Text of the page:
Season

Staying in Focus: I’m Back! (I Think)

I can’t believe my last post was in August, and here it is October already.  We didn’t travel  this summer, or do much of anything, really. I lacked inspiration.  Then we had some family matters to work through.  My 93 year old mom suffered through a second round of Shingles and required  our help in getting her to doctor’s appointments, and weekly visits to help keep up with her household chores.

On the positive side, we had a lovely visit with Bill’s sister Pat, husband Rick and son Matt. They brought us a grandfather clock , which had been a gift given to their mother from their father just months before she passed away. Before his untimely death this past March, he had expressed the wish that someone in the family would take the clock. We had a space for it, and everyone agreed that it looked like it had always been there. During their stay we browsed the bookstore, looked at new houses in the area, and sampled the fare of local eateries.

Our 40th anniversary was September 4th. We finally found a few free days last week to get away to the mountains to relax and de-stress, and celebrate 40 years together. I took some nice pictures of Echo Lake. The trees were just beginning to trade their overall green color  for splashes of color like crimson, umber, sienna, red-orange and yellow.

So I’m back, I think. We are about to start my favorite season, and it is a busy one. I am preparing for our Moving Day Event – A walk for Parkinson’s disease . Pat’s  Patrol (my team) will number at least 17 this year. And I am proud to announce that we have achieved  our team goal of $720.00 raised for the National Parkinson Foundation. This will be followed by Halloween,  Thanksgiving and, of course, Christmas, with buying gifts, wrapping, decorating, cooking, and visiting. with family and friends

So, I’ll try to keep up with posting (I wouldn’t mind a little snow this year. I love taking snow pictures!)

Here are some photos of Echo Lake:

 

 

 

 

 

 

 

 

 

 

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Staying in Focus: The Merry Month of May

I was away last week when the merry month of May began and so I am a bit late with my May poem and photographs. May is my favorite spring month. We celebrate Mother’s Day, and my mom and I have our birthdays this month. 61 years ago on May 16th, I was her birthday present.  On May 20th, she will be 91. We are blessed to still have her with us after her experiences last year, but the therapy the doctors are using seems to be holding the cancer in her lung from spreading as recent medical tests showed everything stable. She is looking forward to the year ahead. as her 18th great grandchild was born on May 2nd.

In May, the lilacs bloom in New Jersey. My grandma would give me a big bunch of them for my birthday.  Here in the south, the leaves on the trees are still a bright spring green, and people are planting colorful annuals in gardens and around their landscape bushes, at the entrance to subdivisions, in pots and planters on decks and porches and patios. Some adventuresome houseplants move to the porch for a breath of fresh air. May is a month when life flourishes and the focus of our days is on being outside – walking and jogging, playing ball, swimming in pools and lakes and in the salt water of the sea. Barbecue grills fire up, picnics are planned, and boats of all sizes and shapes emerge from under their canvas blankets to return to the water for a day of fishing, sailing or cruising. May is, indeed,  a merry month!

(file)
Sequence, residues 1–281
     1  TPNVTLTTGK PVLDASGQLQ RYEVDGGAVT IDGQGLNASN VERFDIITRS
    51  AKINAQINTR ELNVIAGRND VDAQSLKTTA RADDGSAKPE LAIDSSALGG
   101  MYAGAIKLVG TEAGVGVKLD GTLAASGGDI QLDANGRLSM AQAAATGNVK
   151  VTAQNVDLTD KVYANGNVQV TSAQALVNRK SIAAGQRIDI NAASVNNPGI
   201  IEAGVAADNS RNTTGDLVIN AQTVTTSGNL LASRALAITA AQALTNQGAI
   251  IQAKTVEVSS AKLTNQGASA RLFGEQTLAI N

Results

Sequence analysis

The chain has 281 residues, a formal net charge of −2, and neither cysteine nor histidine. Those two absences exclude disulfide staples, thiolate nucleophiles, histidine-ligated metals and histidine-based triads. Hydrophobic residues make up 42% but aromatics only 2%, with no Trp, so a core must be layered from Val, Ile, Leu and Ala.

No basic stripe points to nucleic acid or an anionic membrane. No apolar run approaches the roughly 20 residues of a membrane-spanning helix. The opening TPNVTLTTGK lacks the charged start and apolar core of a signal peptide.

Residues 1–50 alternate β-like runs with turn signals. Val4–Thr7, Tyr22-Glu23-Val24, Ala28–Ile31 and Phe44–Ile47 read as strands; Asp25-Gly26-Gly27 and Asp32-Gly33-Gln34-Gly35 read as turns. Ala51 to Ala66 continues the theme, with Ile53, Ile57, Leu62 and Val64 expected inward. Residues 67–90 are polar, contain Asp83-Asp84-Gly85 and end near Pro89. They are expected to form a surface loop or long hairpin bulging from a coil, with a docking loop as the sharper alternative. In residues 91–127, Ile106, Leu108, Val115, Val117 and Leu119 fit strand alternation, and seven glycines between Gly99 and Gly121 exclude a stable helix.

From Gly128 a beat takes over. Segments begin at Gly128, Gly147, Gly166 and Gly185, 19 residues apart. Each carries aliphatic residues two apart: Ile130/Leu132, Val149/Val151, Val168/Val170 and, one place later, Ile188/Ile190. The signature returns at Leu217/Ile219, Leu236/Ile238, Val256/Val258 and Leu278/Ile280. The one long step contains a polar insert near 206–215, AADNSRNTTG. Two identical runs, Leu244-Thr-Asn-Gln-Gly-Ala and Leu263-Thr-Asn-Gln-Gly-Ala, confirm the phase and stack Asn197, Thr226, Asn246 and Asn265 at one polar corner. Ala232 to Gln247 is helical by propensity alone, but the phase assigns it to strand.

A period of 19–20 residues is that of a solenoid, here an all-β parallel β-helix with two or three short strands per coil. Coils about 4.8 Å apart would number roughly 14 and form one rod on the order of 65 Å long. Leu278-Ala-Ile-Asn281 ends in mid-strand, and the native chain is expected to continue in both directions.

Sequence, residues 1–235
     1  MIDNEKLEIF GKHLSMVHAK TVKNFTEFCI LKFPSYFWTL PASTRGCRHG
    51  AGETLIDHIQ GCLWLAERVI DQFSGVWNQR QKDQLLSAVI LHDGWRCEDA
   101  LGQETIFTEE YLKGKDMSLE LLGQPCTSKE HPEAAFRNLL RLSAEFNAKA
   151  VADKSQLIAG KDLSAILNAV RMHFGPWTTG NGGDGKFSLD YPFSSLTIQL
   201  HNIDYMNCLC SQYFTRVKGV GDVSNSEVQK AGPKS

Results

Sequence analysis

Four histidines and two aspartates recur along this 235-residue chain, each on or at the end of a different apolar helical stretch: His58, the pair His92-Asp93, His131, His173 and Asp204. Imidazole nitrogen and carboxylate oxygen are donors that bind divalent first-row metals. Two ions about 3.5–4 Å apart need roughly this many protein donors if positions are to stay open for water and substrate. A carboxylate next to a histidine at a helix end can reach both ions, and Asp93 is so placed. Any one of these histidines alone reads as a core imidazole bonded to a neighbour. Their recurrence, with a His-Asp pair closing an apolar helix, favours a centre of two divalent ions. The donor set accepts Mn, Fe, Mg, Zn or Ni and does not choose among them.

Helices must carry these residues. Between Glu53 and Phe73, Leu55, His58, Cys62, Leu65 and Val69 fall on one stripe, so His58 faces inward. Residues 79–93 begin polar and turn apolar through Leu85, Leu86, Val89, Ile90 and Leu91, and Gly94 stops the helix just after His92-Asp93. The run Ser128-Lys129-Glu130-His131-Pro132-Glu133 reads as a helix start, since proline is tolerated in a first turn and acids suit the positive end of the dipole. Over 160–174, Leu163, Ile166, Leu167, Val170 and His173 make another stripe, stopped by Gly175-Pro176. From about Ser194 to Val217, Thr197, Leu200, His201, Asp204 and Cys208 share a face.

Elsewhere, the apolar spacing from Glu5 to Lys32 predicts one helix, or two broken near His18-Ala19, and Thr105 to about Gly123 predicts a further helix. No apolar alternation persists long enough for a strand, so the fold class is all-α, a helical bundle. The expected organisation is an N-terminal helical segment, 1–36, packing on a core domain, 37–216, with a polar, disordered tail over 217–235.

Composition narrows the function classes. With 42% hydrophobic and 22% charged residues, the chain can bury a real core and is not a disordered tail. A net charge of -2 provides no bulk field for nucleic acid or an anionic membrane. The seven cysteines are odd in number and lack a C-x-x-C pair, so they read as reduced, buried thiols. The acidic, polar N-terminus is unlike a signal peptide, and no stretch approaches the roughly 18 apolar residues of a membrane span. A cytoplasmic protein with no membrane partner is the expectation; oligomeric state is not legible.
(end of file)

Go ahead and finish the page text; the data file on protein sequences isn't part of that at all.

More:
MAY

Mothers and flowers and birds on the wing,

the sun warms the earth, the earth starts to sing

of sunny mornings kissed with droplets of dew,

while fluffy white clouds drift in skies of deep blue…                          Continue reading

Our visit with our friends passed by way too quickly, but we had fun going to the design center and helping them pick out everything from appliances to door knobs. It won’t be long before they are back again, (for good this time).  In the meantime we will keep an eye on things for them, and send them pictures as their rough vacant lot is transformed into a lovely home and yard.  IMG_0256 - Copy - Copy

Yesterday,as I walked them out to their car at 6:30 AM, the birds were  singing a chorus of their song to morning, the sun was already on its way to brighten the sky, and the air was warm but pleasant.  What a beautiful day! I noticed our Bermuda grass was beginning to green up and shed that hay color it adopts during the winter months. The pansies are doing well, the mums are awakening from their long winter’s nap and the forsythia bushes in the back yard are quickly trading yellow for green as the blossoms fade and the new spring-green leaves unfold.   IMG_0270 - Copy - Copy